Can the answer to a sensible and effective Post-Brexit immigration policy be found much closer to britain's shores?

Richard Short is the National Coordinator of the Conservative Trade Unionists, Chairman of Wigan Borough Conservatives and was a Parliamentary Candidate for Warrington North in 2015. His remarks on Brexit have raised a very viable argument in the unravelling of the negotiations of Britain’s exit from the European Union.


According to Mr Short immigration was the central concern to many of the voters in the EU referendum. But was the vote really about stopping immigration altogether, which is almost impossible, or reducing and effectively controlling it in the best interest of British citizens? A misrepresentation, which is showing little sign of abating, is that Brexit means stopping immigration altogether. Scaremongering and fabricated and distorted stories about NHS funding, nursing staff shortages and disastrous consequences for the agriculture and fishery industries, among many others, have been doggedly pursued on the Remain side during the Referendum campaign in the vain hope that if they scared people hard enough Brexit would not happen.


Many post-exit models have been examined and hotly debated as the right path for the UK - the Australian points based system, the Norwegian model of integration, Switzerland’s special status, or even a unique combination of all. Mr Short is adamant in his conviction that in securing a positive Brexit deal successive policy-makers should look closer to home for useful clues. At the heart of a winning approach is prioritising the electorate and their needs, concerns and aspirations, first and foremost, in all policy choices, rather than those of external stakeholders. An established successful precedent has been set in the middle of the Irish Sea, where the Manx government has been quietly getting on with a simple, effective and flexible system of Manx citizens as a priority and key decisions taken in the interest of the domestic economy.

The Isle of Man is a low tax economy that is a very attractive place to live and work. But this has not always been the case. Back in 2009 the island was gripped by a harsh economic crisis. The Department of Trade and Industry put into place a controversial, but popular policy of refusing work permits to overseas workers in five low skilled sectors where there was a clear availability of suitable Manx workers. The results were decisive - unemployment came down to an envious 2.2 per cent. The success of the scheme was also partly due to its flexibility and room for manouvre - such as exemption of some sectors like hospitality, identified as very reliant on foreign labour. As more time has passed the real successes of this policy have been showcased. The Manx economy has been boosted and its government seems to get what needs to be done - always placing the Island’s residents at the centre of its immigration policy.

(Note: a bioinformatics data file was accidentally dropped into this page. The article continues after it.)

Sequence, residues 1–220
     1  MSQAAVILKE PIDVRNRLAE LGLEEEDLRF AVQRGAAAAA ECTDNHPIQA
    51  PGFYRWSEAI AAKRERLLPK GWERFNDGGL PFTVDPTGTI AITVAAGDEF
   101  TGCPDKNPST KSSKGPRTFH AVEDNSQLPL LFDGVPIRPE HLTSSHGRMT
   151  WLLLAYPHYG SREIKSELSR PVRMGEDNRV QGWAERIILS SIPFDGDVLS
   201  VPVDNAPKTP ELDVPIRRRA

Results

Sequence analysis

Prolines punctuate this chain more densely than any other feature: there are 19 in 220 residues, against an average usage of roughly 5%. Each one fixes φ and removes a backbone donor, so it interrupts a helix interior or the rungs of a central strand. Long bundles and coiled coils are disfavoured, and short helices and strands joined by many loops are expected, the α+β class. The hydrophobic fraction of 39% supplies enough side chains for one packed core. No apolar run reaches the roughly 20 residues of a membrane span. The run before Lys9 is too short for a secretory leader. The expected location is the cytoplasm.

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But is there really such an easy fix – governments having the choice to act solely in the interests of citizens. More often than not policy-makers are constrained by competing ever more complex demands and conflicting impositions of both internal and external stakeholders. Surely transporting one model to a completely different country is not straight forward, and many sectors in the UK will be more adversely affected by a limitation of overseas labour. The point of Mr Short is more general. The Manx system may not be suitable for the hospitality sector in Britain, but its motivation should be valid for its domestic situation. Politicians need to make tough choices every day. It is just a matter of making the right choices by the fitting target public. Making sensible post-Brexit changes to our immigration path, or drawing up a completely new policy, should address domestic concerns and needs first and foremost. That is what holds the key to prosperity post-Brexit – an adequate and manageable immigration, not NO immigration. Whether our elected government representatives will have our best interest at heart, and will act to defend those interests, is a whole other matter that seems rather hazy.